of nature, personality, &c.; but then care must be taken to remove from our minds every thing carnal and impure; and what implies an imperfection ; as division of nature, multipli. cation of essence, priority and posteriority, motion, mutation, alteration, corruption, diminution, cessation from operation, &c. What is objected in a modest and decent way may be attended to; the chief objections that I have met with are, that the sonship of Christ by generation makes him to be later than the Father, to be dependent on him, and subordi. nate to him; or in other words, that it seems to be contrary to his e ernity, independence, and equality. Let us a little conşider each of these objections. . It is urged, that he that ge
nerales must be before him that is generated; a father that begets must be before the son that is begotten by him; and putting the sonship of Christ on this foot, he cannot be co.eternal with the Father, but must have a beginning. This is the old stale hjection of Arius himself. But a little attention will set this matter in a clear light: father and son are correlates, they suppose each other; a father supposes a son, and a son supposes a father; they commence and exist together ; let a man have a first born són, as soon as he has one he becomes a father, and not before ; and his son is as early a son as he is a father. There is no priority nor posteriority, no before nor after in these relations. 11. As to the objection taken from dependence, suggesting that the doctrine of Christ's sonship by generation, is contrary to the independence of Christ as a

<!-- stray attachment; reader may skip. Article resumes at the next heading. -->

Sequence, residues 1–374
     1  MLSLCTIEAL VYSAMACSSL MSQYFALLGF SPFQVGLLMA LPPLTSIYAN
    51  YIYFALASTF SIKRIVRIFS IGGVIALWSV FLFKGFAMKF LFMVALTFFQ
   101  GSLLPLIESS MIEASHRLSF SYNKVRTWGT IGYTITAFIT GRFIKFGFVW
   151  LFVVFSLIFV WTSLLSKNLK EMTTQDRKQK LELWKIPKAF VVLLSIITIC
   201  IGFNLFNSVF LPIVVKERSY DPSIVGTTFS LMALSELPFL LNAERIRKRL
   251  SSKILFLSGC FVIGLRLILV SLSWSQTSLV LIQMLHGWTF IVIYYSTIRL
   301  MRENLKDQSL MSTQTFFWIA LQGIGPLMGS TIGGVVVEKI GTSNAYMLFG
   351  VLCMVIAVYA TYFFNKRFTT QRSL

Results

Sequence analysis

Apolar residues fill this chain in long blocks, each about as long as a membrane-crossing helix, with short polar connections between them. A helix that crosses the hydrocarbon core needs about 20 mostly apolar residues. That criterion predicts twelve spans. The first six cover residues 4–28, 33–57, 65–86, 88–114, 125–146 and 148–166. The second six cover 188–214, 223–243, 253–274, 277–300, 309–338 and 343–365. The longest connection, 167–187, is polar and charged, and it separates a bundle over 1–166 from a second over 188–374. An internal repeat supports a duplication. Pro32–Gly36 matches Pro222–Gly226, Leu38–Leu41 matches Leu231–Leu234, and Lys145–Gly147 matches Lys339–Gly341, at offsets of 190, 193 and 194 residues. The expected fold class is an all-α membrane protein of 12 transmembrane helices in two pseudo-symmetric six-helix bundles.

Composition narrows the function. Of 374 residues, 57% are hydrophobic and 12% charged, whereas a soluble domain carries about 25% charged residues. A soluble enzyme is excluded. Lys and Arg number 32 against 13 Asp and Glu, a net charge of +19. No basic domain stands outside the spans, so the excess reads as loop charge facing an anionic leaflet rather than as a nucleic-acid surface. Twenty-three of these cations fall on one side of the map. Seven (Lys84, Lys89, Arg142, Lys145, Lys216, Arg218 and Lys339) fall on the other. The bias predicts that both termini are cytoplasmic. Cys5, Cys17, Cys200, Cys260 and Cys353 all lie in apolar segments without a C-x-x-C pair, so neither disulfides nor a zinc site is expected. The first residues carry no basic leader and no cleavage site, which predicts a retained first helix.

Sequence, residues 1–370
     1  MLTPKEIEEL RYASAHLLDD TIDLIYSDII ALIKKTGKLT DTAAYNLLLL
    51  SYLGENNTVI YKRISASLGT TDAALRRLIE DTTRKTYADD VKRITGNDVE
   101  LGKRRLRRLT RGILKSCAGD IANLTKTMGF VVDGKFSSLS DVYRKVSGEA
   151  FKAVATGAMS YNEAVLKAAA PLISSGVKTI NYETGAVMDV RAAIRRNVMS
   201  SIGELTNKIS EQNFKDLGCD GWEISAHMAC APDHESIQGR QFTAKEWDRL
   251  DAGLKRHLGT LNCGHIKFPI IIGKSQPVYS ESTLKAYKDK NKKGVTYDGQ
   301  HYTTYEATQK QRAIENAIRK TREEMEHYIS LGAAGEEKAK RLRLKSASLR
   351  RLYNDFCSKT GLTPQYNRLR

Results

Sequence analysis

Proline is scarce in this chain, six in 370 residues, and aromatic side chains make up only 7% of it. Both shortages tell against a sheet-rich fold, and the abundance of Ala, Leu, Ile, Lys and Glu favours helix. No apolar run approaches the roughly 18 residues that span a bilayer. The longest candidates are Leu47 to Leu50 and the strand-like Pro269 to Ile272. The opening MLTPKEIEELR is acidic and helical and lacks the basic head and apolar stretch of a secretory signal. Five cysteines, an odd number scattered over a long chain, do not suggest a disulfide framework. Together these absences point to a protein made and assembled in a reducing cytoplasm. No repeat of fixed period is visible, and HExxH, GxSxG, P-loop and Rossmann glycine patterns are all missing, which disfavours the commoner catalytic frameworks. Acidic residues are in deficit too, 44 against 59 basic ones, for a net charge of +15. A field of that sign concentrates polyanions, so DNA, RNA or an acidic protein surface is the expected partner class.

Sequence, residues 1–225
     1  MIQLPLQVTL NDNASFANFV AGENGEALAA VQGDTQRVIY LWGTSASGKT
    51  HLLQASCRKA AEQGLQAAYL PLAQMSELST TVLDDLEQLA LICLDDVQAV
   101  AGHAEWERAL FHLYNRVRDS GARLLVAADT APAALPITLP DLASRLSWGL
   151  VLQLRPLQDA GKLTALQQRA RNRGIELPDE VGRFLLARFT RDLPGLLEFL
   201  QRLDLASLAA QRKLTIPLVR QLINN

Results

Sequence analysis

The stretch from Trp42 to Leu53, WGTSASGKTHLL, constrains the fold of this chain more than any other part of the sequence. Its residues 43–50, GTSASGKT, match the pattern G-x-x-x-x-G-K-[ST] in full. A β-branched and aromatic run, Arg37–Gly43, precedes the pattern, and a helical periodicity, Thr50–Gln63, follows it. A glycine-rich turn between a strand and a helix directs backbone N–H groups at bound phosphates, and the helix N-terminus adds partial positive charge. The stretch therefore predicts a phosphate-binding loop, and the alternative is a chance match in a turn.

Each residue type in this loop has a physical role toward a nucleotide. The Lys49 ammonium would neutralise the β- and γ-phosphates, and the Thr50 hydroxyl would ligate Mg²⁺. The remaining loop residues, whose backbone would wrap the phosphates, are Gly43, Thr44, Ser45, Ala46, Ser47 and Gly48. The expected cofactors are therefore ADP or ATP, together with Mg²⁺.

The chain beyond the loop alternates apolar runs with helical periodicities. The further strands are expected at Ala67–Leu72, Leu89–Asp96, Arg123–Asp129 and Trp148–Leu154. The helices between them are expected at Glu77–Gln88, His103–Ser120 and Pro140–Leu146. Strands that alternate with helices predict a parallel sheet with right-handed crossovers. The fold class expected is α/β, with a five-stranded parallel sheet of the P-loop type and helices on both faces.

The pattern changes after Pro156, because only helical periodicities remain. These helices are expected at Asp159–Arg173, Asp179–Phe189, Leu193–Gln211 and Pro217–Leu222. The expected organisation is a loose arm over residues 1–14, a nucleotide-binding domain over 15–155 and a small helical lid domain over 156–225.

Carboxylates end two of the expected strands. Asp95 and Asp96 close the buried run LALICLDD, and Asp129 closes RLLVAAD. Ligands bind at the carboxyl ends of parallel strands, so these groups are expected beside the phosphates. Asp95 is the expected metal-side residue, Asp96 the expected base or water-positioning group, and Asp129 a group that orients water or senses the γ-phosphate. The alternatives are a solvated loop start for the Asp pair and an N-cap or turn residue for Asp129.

Christ is God of himself, though he is the son of the father; as the distinct personality of the Son of God arists from his relation to his father as such, so the distinct personality of the Father arises from his relation to his Son as such; hence the distinct personality of the one is no more dependent than the distinct pársonality of the other; and both arise from their mutual relation.' 111. As to subordination and subjection, and inequality, which it is supposed the sonship of Christ by generation implies ; it may be answered, that whatever inequality sonship may imply among men, it implies no such thing in the divine nature. There are various passages of scriptures in which Christ, as the Son of God, addresses his divine Father, without the least appearance of any subordination or subjection to him, but as his equal, as Jehovah's fellow, particularly John xvii. 24. Calovius has collected out of the writings of the Socinians no less than thirteen causes, or Teasons of Christ's sonship; some of them are so weak and trifling, as not deserving to be mentioned ; and others require but little to be said to them; I shall take notice of some of the principal ones. 1. The say he is called the Son of God be. Cause of the great love of God to him ; but it is not his love to him that is the foundation and cause of relation to him ; there